£1.44 million to address shortage of quantitatively trained social scientists

The University of Glasgow has been awarded £1.44 million to help address the critical shortage of "quantitative" social scientists - those trained in the mathematical and statistical skills needed to analyse large numerical datasets.

The UK currently faces a serious deficit in quantitative social researchers which, if not addressed, could have serious implications for the UK’s status as a world leader in research and higher education, according to the British Academy.

The ESRC, Nuffield Foundation, and Higher Education Funding Council for England have joined forces to fund a £19.5 million UK-wide programme designed to promote a step-change in quantitative social science training. Over the next five years, fifteen Q-Step centres will be established at universities across the UK, embedding quantitative concepts in existing social science teaching, and delivering specialist undergraduate programmes, including new courses, work placements and pathways to postgraduate study. Expertise and resources will be shared across the higher education sector through an accompanying support programme, which will also forge links with schools and employers.

The £1.44m grant, combined with a significant financial contribution from the University of Glasgow, will fund a total of four, ten year lecturers: one in the School of Education, two in the School of Social and Political Sciences, and one in the School of Mathematics and Statistics.

Professor Gwilym Pryce, Director of the Q-Step Centre, said, “This is a significant and exciting development for the University of Glasgow, enabling us to play our part in addressing the acute shortage of quantitatively trained social scientists, and to pursue our long term ambition to become a major centre for quantitative methods training and innovation. I think there is also a particular imperative for Glasgow to develop the local expertise needed to understand the nature and causes of social and economic deprivation in the city, and to design better policies. This initiative will help us do that.”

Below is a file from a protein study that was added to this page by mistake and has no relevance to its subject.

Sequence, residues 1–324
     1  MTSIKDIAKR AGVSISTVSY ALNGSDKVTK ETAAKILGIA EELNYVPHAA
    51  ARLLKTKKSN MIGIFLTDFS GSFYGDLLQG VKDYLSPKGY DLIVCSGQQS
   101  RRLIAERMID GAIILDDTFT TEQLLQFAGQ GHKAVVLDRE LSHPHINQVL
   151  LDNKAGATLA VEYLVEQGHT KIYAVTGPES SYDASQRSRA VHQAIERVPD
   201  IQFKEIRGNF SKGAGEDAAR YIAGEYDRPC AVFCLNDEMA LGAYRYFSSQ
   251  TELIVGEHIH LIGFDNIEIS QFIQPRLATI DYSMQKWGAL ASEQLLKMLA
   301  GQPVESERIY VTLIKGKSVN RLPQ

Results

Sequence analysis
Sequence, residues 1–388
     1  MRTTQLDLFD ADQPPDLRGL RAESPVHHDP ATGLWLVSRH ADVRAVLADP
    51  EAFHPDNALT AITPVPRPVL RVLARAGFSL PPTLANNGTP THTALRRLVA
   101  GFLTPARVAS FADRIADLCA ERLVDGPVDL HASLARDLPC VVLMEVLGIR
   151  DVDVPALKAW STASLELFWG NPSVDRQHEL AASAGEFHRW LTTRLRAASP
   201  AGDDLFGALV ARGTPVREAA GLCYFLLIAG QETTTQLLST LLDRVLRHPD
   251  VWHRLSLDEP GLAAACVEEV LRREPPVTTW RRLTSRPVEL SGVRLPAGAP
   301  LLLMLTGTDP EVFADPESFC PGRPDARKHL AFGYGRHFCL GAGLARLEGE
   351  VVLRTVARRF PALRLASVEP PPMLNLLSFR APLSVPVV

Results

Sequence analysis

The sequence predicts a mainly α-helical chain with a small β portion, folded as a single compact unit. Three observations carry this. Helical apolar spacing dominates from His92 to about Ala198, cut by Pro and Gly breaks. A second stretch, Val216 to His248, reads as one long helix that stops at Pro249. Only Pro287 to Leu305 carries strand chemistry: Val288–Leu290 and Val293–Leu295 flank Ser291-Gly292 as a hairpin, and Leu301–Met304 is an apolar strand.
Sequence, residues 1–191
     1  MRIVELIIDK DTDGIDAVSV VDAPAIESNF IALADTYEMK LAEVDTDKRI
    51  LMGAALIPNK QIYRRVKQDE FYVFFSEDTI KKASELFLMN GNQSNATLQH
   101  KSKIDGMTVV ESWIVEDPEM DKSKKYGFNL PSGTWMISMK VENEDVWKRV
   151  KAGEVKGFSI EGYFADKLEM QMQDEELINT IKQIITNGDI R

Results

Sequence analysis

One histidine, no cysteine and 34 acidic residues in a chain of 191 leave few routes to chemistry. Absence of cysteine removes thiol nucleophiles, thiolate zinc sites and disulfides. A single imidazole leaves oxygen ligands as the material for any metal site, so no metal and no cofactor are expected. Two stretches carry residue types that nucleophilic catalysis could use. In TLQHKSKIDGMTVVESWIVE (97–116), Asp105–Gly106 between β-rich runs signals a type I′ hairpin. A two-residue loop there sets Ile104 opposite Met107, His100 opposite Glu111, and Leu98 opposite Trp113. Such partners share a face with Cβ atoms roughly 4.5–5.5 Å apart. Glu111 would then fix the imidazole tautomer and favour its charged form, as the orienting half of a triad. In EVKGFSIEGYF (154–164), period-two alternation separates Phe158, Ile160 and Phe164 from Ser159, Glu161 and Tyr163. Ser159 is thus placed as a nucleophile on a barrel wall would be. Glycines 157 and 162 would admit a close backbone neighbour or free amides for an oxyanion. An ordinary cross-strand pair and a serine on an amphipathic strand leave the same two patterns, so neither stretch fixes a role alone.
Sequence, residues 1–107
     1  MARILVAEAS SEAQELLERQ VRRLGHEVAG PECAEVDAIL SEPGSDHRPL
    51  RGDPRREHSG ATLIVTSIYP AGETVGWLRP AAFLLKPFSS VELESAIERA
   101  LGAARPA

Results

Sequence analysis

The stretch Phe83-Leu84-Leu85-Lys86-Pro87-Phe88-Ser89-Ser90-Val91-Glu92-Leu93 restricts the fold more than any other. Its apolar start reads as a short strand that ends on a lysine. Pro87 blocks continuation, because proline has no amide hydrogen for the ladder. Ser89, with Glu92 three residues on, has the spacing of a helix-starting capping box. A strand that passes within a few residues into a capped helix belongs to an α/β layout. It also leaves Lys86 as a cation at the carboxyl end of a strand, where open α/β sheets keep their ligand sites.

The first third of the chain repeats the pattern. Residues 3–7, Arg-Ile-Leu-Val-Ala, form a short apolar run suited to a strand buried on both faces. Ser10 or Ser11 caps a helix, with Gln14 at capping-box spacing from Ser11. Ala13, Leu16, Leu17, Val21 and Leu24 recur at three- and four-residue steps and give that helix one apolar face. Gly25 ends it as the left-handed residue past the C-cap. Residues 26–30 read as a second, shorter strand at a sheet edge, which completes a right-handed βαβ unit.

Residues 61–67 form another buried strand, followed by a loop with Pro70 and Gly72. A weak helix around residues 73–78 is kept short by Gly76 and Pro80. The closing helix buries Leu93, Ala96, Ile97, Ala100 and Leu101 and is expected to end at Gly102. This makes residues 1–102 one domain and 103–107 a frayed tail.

For more information contact Cara MacDowall, cara.macdowall@glasgow.ac.uk or call 0141 330 3683

Notes to editors:

Q-Step is a £19.5 million programme designed to promote a step-change in quantitative social science training. Over a five-year period from 2013, fifteen universities across the UK are delivering specialist undergraduate programmes, including new courses, work placements and pathways to postgraduate study. Expertise and resources will be shared across the higher education sector through an accompanying support programme, which will also forge links with schools and employers.

Q-Step was developed as a strategic response to the shortage of quantitatively-skilled social science graduates. It is funded by the Nuffield Foundation, the Economic and Social Research Council (ESRC) and the Higher Education Funding Council for England (HEFCE). For more information go to www.nuffieldfoundation.org/q-step

Note that although HEFCE is one of the three funders of the Q-Step Centres, the funds have been allocated in such a way that the HEFCE money will be used only for the English institutions.

First published: 3 October 2013

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